Yoshiteru Uramoto, International Labour Organisation Assistant Director-General and Regional Director for Asia and the Pacific, writes on how the ASEAN Economic Community will affect the region.
Policymakers are talking a lot about the impact of the ASEAN Economic Community (AEC) in 2015. But the real question is, how will this AEC affect the 90 million Vietnamese and – more broadly – the 600 million people who live in the region?
Together, the International Labour Organisation and the Asian Development Bank set out to find some answers, and our report ASEAN Community 2015: Managing integration for better jobs and shared prosperity will be shared in Ha Noi on September 4.
Ordinary men and women first and foremost experience economic change through the labour market. What matters to them is whether they can find a good job that offers security, pays decent wages, offers decent conditions, and whether, in time, their children will be able to do the same.
Our findings are encouraging. If managed well over the next decade, the AEC could boost the region's economies by 7.1 per cent by 2025 and, generate 14 million additional jobs.
In Viet Nam, which accounts for one in six of the region's workforce, this could mean GDP expanding by 14.5 per cent and the creation of millions of jobs. However, there are some big "ifs" and "buts".
In Viet Nam, two out of three of these new jobs could be poor quality, ‘vulnerable' jobs, such as family or own-account workers. Currently, despite the country's formidable economic progress, nearly half of Viet Nam's workers are in agriculture, where productivity, incomes and working conditions are typically low compared to some other ASEAN economies.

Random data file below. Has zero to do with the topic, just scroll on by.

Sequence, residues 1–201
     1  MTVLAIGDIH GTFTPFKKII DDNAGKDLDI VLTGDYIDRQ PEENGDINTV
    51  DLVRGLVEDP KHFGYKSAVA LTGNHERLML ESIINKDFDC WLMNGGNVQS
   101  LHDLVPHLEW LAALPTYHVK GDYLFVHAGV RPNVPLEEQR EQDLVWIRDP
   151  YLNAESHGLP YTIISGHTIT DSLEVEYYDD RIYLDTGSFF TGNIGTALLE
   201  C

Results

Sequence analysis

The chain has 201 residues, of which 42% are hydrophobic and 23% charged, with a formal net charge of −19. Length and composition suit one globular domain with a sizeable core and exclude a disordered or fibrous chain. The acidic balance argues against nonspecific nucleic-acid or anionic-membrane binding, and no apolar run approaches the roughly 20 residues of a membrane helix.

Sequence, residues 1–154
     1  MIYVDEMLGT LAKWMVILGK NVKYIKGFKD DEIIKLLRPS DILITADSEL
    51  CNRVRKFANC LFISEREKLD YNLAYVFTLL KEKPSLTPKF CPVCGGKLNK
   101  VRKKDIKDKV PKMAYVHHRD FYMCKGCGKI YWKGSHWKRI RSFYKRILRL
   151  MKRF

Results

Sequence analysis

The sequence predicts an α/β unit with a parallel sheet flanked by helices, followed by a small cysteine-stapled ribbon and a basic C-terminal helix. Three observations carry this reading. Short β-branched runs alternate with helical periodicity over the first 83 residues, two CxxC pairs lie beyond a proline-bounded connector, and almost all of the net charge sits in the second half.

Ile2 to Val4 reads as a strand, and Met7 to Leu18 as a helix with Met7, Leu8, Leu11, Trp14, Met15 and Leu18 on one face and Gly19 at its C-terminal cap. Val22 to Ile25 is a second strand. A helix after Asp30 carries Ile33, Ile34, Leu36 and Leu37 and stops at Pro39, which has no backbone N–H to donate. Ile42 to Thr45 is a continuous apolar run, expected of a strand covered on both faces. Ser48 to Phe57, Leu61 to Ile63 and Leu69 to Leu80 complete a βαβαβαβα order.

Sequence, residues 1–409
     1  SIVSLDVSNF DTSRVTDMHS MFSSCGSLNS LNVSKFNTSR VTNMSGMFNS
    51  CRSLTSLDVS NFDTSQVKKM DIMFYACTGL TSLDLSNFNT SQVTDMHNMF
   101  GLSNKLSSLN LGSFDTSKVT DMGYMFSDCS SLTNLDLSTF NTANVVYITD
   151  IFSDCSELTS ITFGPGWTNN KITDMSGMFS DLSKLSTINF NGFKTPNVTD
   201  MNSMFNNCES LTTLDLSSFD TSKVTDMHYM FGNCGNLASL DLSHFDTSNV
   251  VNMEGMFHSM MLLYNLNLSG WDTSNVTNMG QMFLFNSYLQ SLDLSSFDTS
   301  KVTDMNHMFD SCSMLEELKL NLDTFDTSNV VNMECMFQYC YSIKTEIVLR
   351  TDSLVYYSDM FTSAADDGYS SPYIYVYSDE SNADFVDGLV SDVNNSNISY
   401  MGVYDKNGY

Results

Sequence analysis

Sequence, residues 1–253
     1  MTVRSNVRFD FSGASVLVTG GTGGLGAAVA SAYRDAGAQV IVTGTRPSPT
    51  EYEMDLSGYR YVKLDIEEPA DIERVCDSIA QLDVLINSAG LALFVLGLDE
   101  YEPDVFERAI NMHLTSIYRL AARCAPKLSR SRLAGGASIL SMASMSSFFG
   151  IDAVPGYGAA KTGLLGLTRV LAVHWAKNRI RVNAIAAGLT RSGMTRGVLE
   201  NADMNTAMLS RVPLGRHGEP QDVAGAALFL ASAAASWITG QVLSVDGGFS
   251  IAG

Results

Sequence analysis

The AEC will speed up structural change, and while some sectors will flourish others are likely to see job losses. Workers from these sectors will not necessarily have the right skills to take up the new opportunities created by the AEC. In addition, while improved productivity may bring increases in incomes for some, this could bypass the large majority of people.
To realise the full potential of closer economic integration, the ASEAN countries need to take decisive action, right now. There are some areas in which they must work together to get results; notably to proactively manage the coming structural changes, to ensure that economic gains lead to shared prosperity, and to strengthen regional co-operation.
In addition, each country will have its own national priorities to address if it is to make the most of the AEC's opportunities. In Viet Nam we see five key areas.
The first is prioritising measures that will boost productivity and job quality in agriculture and diversify manufacturing employment into new sectors, while continuing to support the garment industry.
Secondly, social-protection coverage needs to be extended, including the national unemployment insurance scheme. This will help cushion the effects of structural transformation and ease workers into new, more productive sectors.
Third, skills development institutions need to be strengthened. Targeted efforts are needed to improve secondary education and vocational training to meet the expected growth in demand for medium-skilled workers.
More modern collective bargaining systems, to create a more stable business environment, are also needed. This would also help ensure that productivity gains translate into higher wages and better working conditions, and lead to a stronger domestic market.
Finally, there is a need to improve both the protection of migrant workers and systems for recognising their skills, particularly in sectors dominated by low and medium-skilled workers, such as construction.
The AEC offers Viet Nam, and its ASEAN neighbours, significant opportunities for growth and prosperity, and the chance to move towards a high-productivity economy based on skills and innovation.
If these priorities are effectively addressed, the region can make great strides towards equitable economic development and shared prosperity.
But if leaders fail to act, the AEC will increase inequalities, and its benefits will bypass the majority of ordinary, hardworking people. — VNS